Newspapers are going to continue to decline in readership and relevance as long as they continue to follow the old model of wire stories and short, uninteresting local articles. The only reason to pick up a newspaper (or visit a newspaper’s website) in Fresno is to find out what happened in Fresno. Only newspapers that invest heavily in local coverage and allow their writers to spend more than 300 words on an article will be relevant as the years pass. That probably won’t happen until the giant corporations that own most newspapers lose interest in these now unprofitable entities and move on to other media. It is difficult to image any conglomeration of newspapers embracing individual voices and local reporting. Once it becomes unprofitable enough, however, I predict that as newspapers begin to fold and be sold, passionate local people will return to print. Until then, I’ll continue to get my news online.

10 thoughts on “Why Newspapers are Dying (and what they can do about it)

  1. So very true… and depressing. I’ve never actually seen ‘juicy’ news, but if you could provide an example to one of the blog journalists, or perhaps an article that you read and kept? If I ever go into journalism, (which I probably will, for some extra cash) it’d be nice to have example of good news. It’d also help me go against the system, which is always a bonus.

    Johnny Ms last blog post..The Anarchist Parade (cont)

  2. @ JoniB — Thanks

    @ Johnny M

    I don’t think i used the word Juicy, but one of my favorite analytical (and informational) blogs is Frakanomics.


    Yes, it is NOW a part of the New York Times, but it started independently. The Times was just smart enough to pay for it.

  3. Pingback: World Class Poetry Blog » Blog Archive » Introducing The Perfect Poem
  4. I sitll leaf through the newspaper for ads and the local classifieds. I watch the frontpage news for a quick overview on what’s “important”.

    But you’re right, the web is THE place to find latest and better news. I like the interactive nature of the web too.

    Besides, I hate having ink on my fingers and knowing so many trees are cut to deliver the news to me.

  5. Call me a Luddite, but I still enjoy the morning paper (and yep, my weekly Newsweek, too.) That’s why I was saddened today to read that the Washington Post was offering yet another round of buy-outs to staff, including some of my favorites and many of them assigned to local coverage as well as my beloved Stephen Hunter and other movie critics. I realize that newspapers have to find a new raison d’etre in today’s web-centric universe. So if the web delivers headlines (and mostly it’s a headline service) between than print, then what does print do better?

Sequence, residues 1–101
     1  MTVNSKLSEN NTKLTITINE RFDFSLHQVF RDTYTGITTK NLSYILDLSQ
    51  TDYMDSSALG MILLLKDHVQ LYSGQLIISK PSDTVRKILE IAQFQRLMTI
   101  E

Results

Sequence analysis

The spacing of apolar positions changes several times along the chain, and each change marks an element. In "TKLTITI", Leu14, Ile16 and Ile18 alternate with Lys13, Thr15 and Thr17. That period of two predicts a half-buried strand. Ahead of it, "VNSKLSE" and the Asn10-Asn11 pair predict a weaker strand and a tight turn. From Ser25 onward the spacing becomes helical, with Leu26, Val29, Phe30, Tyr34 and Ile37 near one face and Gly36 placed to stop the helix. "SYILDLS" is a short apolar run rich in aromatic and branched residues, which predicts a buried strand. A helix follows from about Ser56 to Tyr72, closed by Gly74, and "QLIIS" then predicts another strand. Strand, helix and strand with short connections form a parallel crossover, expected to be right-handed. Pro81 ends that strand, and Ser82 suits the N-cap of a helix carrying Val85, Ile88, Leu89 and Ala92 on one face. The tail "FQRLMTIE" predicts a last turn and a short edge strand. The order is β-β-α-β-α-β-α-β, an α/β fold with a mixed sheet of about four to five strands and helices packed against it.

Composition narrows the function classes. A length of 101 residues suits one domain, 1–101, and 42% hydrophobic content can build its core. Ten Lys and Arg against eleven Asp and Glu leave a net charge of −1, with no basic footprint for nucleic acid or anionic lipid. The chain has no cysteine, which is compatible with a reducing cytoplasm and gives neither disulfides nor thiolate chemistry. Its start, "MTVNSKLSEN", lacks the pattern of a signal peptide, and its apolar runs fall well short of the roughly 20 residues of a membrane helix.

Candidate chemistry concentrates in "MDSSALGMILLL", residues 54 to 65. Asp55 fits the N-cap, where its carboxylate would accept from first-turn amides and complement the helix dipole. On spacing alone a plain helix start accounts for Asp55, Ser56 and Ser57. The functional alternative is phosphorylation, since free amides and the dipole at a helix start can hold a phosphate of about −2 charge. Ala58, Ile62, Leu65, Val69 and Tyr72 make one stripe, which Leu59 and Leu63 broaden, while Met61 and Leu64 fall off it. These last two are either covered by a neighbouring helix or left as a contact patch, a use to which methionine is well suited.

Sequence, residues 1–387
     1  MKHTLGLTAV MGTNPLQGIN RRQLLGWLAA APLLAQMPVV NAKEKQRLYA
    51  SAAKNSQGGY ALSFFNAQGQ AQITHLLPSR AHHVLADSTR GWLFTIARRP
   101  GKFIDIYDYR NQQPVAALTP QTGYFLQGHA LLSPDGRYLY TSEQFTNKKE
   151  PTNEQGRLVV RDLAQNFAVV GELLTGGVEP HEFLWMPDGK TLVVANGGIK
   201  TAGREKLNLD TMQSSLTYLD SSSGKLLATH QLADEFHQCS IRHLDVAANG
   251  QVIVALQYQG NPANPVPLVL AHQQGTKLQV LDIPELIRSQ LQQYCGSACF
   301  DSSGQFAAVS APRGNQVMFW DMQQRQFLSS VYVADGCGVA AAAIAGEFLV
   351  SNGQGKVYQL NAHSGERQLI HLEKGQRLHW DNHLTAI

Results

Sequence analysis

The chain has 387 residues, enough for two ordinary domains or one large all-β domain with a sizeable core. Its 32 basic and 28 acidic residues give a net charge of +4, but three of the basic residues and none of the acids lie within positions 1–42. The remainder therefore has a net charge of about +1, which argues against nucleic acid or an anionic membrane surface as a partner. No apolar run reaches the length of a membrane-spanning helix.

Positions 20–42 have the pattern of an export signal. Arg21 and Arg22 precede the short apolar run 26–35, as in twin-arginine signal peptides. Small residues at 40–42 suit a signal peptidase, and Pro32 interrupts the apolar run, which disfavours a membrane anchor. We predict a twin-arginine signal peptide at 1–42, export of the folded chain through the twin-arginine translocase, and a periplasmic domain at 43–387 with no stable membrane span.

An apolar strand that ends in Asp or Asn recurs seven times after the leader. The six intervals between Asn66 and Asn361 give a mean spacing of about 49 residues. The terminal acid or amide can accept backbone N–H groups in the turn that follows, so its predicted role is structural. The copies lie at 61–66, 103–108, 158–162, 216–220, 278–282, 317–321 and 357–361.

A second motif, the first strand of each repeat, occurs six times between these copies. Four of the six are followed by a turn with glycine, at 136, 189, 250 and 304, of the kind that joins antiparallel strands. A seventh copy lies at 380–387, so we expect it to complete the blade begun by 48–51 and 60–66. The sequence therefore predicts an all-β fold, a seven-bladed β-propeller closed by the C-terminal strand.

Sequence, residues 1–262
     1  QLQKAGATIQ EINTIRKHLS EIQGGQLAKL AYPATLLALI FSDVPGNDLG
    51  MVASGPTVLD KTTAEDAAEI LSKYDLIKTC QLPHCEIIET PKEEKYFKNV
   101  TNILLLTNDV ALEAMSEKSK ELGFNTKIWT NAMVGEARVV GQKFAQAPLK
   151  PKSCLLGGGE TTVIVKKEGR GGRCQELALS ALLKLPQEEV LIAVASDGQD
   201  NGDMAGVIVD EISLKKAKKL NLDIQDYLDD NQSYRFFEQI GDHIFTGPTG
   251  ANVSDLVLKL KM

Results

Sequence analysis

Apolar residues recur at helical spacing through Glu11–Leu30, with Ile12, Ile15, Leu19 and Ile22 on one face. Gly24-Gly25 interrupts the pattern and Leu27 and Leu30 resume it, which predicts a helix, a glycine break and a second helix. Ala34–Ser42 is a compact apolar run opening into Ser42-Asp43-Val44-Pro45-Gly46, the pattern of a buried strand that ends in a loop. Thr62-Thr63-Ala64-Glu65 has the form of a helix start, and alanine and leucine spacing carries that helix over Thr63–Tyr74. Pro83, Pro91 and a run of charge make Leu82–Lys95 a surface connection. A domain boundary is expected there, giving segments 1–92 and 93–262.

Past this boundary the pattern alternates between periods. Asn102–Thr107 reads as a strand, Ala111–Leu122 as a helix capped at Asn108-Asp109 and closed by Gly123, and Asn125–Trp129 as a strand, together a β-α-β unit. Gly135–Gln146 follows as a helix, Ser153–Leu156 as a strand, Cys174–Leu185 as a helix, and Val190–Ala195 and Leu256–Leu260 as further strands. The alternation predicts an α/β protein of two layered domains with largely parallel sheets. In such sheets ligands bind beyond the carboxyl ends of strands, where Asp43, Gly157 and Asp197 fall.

When they figure it out – and I hope they do – I’ll be ready. (News without ink may be cleaner, but it’s a little soulless without the inky smudge.)

    Roberta Rosenbergs last blog post..Why using Twitter is like talking to my Mother-in-Law

  6. I agree Sarah. Those are Exactly the things you read a local paper for, which is why it is so frustrating that they cover those matters so poorly. In my city, Tucson, if you want any real political information, you have to go to the Tucson Weekly, a free rag that somehow manages to cover local politics better than either of the overpriced dailies.

  7. I agree that newspapers are struggling. If you live anywhere outside a major city, though, you should read your local newspaper. People are uninvolved in their hometowns. That’s often why, every so often, people show up at the normally poorly attended county council or zoning meetings to complain about something that has already become law.
    If you don’t want a landfill built across the street from your home, you’d better stay in touch with what’s happening in your community. Outside of attending each public meeting, the best way to get information about your area is to read your local newspaper.
    What happens locally has a much greater chance of directly affecting your life than what happens nationally.

  8. Exactly. I just wrote my master’s thesis on how these free weeklies are actually *better* at analyzing (and even, sometimes, covering) local issues. They are one of the few print media that aren’t dying off. They allow local citizens to weigh in on local issues and they often have a great web presence, to boot. Daily broadsheets need to take note.

    D.R. Bartlettes last blog post..How “historic” is this election?